Dealers often tell us one of their biggest challenges is finding good employees, especially service techs, and how this dilemma is limiting their growth.

The demand for good employees is reflected on one online job and recruiting resource,, which says it had a 15% increase in the number of jobs posted on the site in 2014.

A survey from gives you a peek into the minds of potential job seekers — what they value most and what they are willing to give up to get the job they want.

Two critical factors, location and salary, could work in your favor. For instance, 49% said they were willing to relocate for a job and 39% answered “maybe” in terms of relocating. So, if you’re concerned about the lack of qualified prospects in your area, don't be. That outstanding employee may move if you offer what they want.

And, salary isn’t the number one factor when choosing to leave one job for another — opportunity for career advancement is. Small dealerships may have an advantage, because new employees won’t have to wade through layer after layer of management to get a position of more responsibility.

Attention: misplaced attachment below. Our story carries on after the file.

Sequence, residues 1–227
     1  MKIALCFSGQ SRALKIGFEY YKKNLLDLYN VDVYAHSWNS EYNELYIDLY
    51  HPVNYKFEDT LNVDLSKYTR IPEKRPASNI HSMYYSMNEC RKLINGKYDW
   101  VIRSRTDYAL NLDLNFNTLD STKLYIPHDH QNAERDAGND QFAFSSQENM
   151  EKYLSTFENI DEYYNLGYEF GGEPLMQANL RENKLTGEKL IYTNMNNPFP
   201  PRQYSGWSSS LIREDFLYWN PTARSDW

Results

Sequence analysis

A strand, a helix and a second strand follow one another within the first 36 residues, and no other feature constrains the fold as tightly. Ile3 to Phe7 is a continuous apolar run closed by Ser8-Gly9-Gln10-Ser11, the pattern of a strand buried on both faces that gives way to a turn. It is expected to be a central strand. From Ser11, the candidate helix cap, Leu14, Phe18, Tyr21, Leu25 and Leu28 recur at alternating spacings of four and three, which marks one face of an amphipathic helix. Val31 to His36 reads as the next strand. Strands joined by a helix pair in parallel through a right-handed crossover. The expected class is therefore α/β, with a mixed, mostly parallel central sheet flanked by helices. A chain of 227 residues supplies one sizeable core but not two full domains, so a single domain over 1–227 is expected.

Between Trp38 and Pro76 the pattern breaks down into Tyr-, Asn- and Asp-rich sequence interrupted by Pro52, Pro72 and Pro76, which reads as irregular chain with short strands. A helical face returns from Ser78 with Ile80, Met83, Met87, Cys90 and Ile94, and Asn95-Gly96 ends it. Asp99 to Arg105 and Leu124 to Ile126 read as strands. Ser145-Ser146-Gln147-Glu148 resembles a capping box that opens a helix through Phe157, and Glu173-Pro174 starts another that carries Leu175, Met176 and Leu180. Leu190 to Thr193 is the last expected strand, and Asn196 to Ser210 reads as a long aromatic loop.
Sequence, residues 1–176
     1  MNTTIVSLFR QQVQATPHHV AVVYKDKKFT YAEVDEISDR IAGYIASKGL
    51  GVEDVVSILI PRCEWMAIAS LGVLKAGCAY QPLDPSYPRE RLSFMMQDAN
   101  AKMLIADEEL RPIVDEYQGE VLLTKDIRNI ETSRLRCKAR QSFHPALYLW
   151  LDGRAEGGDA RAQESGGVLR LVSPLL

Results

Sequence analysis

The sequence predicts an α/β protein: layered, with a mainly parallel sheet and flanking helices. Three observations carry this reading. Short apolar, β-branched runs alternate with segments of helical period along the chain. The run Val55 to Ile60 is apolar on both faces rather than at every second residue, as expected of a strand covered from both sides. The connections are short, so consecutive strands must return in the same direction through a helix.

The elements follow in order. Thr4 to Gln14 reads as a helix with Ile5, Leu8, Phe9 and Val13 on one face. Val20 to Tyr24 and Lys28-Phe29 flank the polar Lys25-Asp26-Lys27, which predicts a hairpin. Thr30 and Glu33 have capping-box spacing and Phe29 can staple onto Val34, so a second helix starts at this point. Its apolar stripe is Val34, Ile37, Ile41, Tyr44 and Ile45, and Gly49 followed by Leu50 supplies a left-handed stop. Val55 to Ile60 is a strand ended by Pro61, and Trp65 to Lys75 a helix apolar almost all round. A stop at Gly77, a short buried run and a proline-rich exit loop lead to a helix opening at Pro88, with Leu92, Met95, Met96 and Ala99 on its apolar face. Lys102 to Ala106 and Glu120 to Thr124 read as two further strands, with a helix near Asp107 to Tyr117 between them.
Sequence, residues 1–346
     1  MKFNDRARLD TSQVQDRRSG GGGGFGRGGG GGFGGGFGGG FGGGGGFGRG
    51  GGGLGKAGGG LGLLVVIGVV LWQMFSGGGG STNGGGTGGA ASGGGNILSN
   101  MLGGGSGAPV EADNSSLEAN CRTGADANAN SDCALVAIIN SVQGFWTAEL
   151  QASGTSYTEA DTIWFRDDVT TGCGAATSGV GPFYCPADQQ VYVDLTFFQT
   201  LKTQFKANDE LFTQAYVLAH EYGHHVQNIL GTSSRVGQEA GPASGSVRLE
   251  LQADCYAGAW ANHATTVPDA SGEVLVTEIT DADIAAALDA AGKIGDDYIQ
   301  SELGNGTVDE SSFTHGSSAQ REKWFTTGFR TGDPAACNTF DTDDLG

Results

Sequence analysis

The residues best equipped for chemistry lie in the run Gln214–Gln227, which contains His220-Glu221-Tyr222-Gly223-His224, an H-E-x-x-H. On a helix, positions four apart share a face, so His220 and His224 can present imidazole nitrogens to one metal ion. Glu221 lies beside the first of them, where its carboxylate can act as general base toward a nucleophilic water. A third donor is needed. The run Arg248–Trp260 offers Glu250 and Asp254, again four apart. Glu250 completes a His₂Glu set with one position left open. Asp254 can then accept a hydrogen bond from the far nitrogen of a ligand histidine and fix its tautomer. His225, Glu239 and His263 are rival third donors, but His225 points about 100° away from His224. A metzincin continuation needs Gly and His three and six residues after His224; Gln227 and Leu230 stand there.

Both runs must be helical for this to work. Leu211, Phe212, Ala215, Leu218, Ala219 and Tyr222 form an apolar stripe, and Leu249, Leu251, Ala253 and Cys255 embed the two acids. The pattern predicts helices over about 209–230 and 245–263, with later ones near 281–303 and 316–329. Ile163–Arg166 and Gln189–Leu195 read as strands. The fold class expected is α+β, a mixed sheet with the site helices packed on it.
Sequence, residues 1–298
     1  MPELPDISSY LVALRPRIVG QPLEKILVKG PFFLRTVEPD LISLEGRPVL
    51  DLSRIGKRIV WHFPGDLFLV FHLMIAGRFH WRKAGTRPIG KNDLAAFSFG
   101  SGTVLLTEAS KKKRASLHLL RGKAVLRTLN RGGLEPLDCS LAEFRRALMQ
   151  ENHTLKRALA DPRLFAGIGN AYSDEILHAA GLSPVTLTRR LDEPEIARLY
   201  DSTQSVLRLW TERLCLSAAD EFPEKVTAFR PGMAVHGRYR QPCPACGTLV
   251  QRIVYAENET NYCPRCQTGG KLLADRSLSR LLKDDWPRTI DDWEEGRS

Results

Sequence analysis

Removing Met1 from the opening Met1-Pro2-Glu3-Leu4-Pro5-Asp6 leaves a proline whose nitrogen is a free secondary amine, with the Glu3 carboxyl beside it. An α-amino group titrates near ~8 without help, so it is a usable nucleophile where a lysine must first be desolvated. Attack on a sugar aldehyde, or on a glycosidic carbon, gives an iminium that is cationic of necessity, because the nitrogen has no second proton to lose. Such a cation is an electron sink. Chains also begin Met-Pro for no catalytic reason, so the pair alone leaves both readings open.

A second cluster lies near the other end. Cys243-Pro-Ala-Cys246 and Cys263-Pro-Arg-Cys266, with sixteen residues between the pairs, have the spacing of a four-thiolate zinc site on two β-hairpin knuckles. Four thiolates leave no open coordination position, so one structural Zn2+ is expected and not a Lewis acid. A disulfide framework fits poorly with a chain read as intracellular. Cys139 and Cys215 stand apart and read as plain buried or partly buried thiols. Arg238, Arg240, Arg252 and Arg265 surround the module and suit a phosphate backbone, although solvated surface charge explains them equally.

Check out this list of what would motivate someone to leave their position for another. The rankings are on a scale of 1-4, with 1 being very unlikely and 4 being very likely.

What would motivate you to leave your current job for another opportunity?

Rating Average


Career growth/advancement opportunity



Higher compensation



Better benefits



More flexibility



Company stability



Job duties/responsibilities



Industry stability



Company is an industry leader



Different management/coworkers



Company’s social responsibility initiatives (community involvement, charity, donations)



Relocation opportunity



Once you have them, keeping them is another challenge. The survey found that among employed respondents, 17% were exploring other job opportunities on a daily basis and 30% of them were doing so while they were at work. What influences an employee to stay or go? You, the boss. The survey found this: “Employees’ relationship with their supervisor/boss can be a make or break component in retention. When we look closer at the extreme levels of satisfaction, candidates not interested or not searching were very satisfied with their supervisor/boss, while candidates thinking about changing jobs or actively looking were very unsatisfied with their supervisor/boss.”

This all means you have some work to do when you post your next job. A list of required skills, salary and benefits is a must, but so is an explanation about the future you can offer an employee. And, describe your culture to clue job seekers into what it’s like to work for you. Honesty is always best. For instance, if your dealership is fast-paced and your team works closely together on a daily basis, say so. The match is what’s most important, so don’t fake a company culture.

Finally, if the growth of your company depends on expanding your team, now’s the time to set some goals to achieve by year end, so your team is ready to go for 2016.